-ate lots of almond butter matzo sandwiches
-became not so weirded out by cauliflower rice after mum insisted on a cauliflower rice tabbouleh. with enough acid, salt, and herbs, it turns out it does not taste like mushy farts as undercooked cauliflower is so wont to do.
-stoop kicked my ass on a four mile run, i decided i should start running again but got nervous at how wildly bored i get on runs. tried to calculate how much i'd have to kickstart to fund unorthodox's increase from a weekly podcast to a daily podcast because i wouldn't get bored on runs if i could just listen to unorthodox the whole time.
-ordered our garden seeds finally! i added chioggia beets to the order not because i like eating them but because they look pretty (and because they look so pretty i'm going to learn to like eating them)
-discovered the new millennial pink dishes at ikea. also bought about 12 packs of these cute napkins. eggboy and i are planning a scandinavian tea party themed bridal shower for eggsister and these are truly perfect for it. 
-fell back in love with this roasted vegetable stock. i don't know what my beef is with parsnips but every time i see them listed on an ingredients list or menu i kind of gloss right over them as if they were a less than worthy vegetable but they're a great addition to this stock and i'm going to try to treat them with more respect
-went to tuesday night's chicago symphony performance and sat really close. close enough to wonder how truls' face stayed so matte during the dvorak cello concerto (note to self: listen to that second movement again to appreciate more of its prettiness). for the second half they played prokofiev 5, which i love for the crunch and woodblock, and while the speed wasn't as aggressive as when jaap does it, it certainly did not disappoint.
-listened to a lot of nelly furtado and san fermin! love their new albums.

currently:
-about to leave for fargo for tonight's fargo seder. i have 150 malabi macaroons in tow. 
-wondering how many days will pass before i give in and make matzo crack.

i am not yet tired of matzo brei but in the event that you are and are stressing out over what to make for brunch this weekend, i have two ideas for you. one is matzo chilaquiles, which i'll be making since i spent the better part of late march testing my other idea: this baked matzo brei. which, to be honest, probably prefers to identify as a frittata or crustless quiche since those more closely represent the texture, and i find it's usually the texture that people tire of when they're sick of matzo brei. this is basically a quiche with a matzo crust but instead of the crust on the outside, it's broken up and dispersed throughout the filling so it gets nice and soft and mingles with the cheese. my favorite part about it is the purple onions that go on the bottom of the pan when you cook it because then when you serve it, it gets flipped over and is like a savory upside down cake.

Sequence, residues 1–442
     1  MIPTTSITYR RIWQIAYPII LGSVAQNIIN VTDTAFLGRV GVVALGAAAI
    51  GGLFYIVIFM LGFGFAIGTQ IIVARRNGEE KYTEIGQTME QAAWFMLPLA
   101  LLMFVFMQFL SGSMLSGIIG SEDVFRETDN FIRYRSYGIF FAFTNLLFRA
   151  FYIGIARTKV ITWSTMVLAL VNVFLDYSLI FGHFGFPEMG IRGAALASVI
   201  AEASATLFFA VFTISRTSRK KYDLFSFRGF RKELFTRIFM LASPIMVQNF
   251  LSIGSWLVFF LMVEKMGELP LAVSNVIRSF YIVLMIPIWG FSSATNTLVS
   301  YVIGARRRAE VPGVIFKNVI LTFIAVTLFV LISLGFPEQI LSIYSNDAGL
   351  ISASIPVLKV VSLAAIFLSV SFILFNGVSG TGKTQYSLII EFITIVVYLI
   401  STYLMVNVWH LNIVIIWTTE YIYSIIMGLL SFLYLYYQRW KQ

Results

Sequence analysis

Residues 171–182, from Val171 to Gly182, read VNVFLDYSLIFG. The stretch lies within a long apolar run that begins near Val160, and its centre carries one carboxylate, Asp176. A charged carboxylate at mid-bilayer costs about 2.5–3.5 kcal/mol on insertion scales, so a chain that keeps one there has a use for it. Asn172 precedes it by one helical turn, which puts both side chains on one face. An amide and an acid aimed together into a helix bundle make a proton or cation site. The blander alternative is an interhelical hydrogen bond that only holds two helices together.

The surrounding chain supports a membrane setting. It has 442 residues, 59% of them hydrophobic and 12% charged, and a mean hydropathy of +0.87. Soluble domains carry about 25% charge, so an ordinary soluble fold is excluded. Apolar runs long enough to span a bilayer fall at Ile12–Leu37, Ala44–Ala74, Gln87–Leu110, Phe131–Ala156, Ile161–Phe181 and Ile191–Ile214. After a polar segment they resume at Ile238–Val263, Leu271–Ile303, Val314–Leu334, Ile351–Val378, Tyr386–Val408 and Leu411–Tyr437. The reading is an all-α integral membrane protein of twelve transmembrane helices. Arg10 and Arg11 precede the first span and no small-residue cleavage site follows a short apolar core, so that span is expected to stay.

you can serve this hot or make it the night before and serve it at room temp. a handful of fresh herbs at the end make it party ready (and instagrammable??)! happy weekend everyone! 


spinach and white cheddar baked matzo brei

serves 4-6

ingredients

6 large eggs

1/2 c heavy cream

4 sheets matzo, broken into 2-3” pieces

Olive oil

2 c packed fresh spinach

Kosher salt

Black pepper

1 small or 1/2 large purple onion, thinly sliced

1/2 c herbs (any mix of cilantro, parsley, mint, and/or chives), finely chopped, plus more for serving

3 ounces white cheddar, shredded, plus more for serving

2 tsp za’atar

1/2 tsp sweet paprika

Plain Yogurt, for serving

Harissa, for serving

Fresh lemon, for serving

Sumac, for serving

clues

preheat the oven to 350ºf.

In a large bowl, beat together the eggs and the cream. fold in the matzo and set aside.

Heat an 8” oven-safe nonstick skillet (like a cast iron pan) over medium heat and add a drizzle of olive oil. Cook the spinach until wilted, season with salt and pepper and set aside to cool slightly. Add 2 more tablespoons of olive oil to the pan, let it get hot (you can increase the heat to medium high as long as you keep an eye on it so the olive oil doesn’t burn), and then add the sliced onion and a pinch salt. Cook, stirring occasionally, until the onions begin to brown. 

While the onions are cooking, add the herbs, cheddar, za’atar, paprika, 3/4 teaspoon salt, a few turns of pepper, and the wilted spinach to the egg mixture. When the onions are browned, spread them out evenly in the skillet and then pour in the egg mixture and spread it out evenly. Cook for 3 minutes and then stick it in the oven for about 15-20 minutes, until just set. Let it cool for a couple of minutes in the pan and then carefully run a rubber spatula around the edge to loosen them from the pan. Cover the pan with a plate and then turn it over to flip it onto the plate. 

Top with more cheese, a few dollops of yogurt, a bit of harissa, a squeeze of lemon, a sprinkle of sumac, and a handful of fresh herbs. Enjoy! 


-yeh!